The influence of music on the perception of oaked wines – a tasting room case study in the U.S. Finger Lakes Region
Innovative wine makers and marketers increasingly see the consumers’ multisensory experience in the tasting room as a means of differentiating themselves from the competition. With recent research demonstrating the influence of music on the wine-tasting experience, the present
study introduced music as a unique aspect of a VIP tasting room experience at a family-owned Finger Lakes winery. A convenience sample of 46 participants tasted four oaked still wines (2 white, 2 red) in silence and with a complementary soundtrack, and rated the fruitiness, spiciness, and
smoothness of each wine in both sound conditions. Undisclosed to the participants, the soundtrack had been designed to bring to mind woody/spiced elements of oak ageing. It was hypothesised that listening to the oak soundtrack would alter the evaluation of the wines to be smoother and spicier.
The results revealed that the wines tasted while the soundtrack were playing in the background were rated as significantly fruitier and smoother than the same wines when tasted in silence. These results are discussed in terms of the literature on crossmodal correspondences and the emotional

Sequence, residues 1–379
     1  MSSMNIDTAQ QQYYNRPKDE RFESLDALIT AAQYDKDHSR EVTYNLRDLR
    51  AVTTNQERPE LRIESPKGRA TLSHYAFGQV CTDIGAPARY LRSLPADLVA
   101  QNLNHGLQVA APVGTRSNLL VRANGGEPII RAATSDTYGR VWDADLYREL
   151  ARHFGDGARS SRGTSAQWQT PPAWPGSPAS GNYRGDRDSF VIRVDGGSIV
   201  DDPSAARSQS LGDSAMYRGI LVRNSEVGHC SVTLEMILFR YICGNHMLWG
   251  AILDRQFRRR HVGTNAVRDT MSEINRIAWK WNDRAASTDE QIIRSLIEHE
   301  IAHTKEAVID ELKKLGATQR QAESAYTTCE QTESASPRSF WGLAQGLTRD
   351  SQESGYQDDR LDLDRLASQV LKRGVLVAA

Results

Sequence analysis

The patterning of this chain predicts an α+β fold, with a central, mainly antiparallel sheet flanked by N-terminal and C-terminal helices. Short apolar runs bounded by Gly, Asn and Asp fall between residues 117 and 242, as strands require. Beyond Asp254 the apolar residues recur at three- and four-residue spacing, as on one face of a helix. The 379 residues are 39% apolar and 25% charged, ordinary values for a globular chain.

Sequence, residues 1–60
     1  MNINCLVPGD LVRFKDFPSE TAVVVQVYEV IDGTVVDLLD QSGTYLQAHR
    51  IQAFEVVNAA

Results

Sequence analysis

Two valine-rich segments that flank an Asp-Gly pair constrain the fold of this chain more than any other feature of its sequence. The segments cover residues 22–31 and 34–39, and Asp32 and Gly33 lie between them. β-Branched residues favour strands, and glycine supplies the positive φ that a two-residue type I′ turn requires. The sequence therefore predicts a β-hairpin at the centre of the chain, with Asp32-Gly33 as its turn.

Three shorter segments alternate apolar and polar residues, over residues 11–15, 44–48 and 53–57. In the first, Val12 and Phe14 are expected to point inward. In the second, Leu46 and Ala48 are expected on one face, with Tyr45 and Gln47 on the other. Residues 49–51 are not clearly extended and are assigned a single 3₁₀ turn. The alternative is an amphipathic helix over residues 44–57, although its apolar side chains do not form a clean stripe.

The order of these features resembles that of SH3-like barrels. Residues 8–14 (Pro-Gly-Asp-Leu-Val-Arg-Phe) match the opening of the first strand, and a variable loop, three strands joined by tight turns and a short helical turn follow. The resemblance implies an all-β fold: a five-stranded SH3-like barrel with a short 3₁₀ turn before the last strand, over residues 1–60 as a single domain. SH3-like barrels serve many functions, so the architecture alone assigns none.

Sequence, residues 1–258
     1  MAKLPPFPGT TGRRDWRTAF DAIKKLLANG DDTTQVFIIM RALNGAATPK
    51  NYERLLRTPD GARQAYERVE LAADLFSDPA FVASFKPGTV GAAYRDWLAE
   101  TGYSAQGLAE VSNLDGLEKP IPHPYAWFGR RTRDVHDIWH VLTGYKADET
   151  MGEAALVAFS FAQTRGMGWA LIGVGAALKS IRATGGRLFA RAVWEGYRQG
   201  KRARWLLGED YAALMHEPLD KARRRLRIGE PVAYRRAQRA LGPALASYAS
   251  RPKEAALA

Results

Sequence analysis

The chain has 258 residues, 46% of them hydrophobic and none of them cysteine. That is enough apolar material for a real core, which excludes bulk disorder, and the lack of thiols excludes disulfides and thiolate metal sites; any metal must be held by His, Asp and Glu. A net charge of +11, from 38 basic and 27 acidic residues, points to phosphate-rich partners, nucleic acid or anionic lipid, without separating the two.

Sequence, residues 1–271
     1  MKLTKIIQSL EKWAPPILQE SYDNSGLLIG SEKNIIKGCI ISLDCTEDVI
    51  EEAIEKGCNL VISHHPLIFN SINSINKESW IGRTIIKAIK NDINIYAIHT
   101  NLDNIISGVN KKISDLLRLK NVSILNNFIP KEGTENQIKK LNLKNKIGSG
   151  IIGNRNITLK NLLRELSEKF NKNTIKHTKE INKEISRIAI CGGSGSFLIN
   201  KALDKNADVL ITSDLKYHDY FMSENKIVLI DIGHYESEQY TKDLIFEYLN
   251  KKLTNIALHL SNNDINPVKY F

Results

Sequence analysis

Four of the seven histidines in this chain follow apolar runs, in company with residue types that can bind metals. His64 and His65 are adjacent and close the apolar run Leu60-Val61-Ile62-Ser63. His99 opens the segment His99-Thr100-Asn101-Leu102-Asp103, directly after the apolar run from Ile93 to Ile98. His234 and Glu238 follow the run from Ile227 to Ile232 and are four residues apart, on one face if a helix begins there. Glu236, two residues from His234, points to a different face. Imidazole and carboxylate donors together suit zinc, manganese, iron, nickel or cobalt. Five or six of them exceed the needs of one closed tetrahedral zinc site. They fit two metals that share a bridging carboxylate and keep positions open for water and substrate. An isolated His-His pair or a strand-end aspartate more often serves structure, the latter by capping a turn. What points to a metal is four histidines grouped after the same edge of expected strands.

mediation account. Moreover, the positive feedback from the attendees showcases music as a viable component of a multisensory experience when visiting a winery.
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Document Type: Research Article
Department of Experimental Psychology, University of Oxford, Oxford, UK
Dr. Konstantin Frank Winery, Hammondsport, NY, USA
Department of Electronic Production and Design, Berklee College of Music, Boston, MA, USA
Banfi Professor of Wine Education and Management, School of Hotel Administration, SC Johnson College of Business, Cornell University, Ithaca, NY, USA
October 2, 2019
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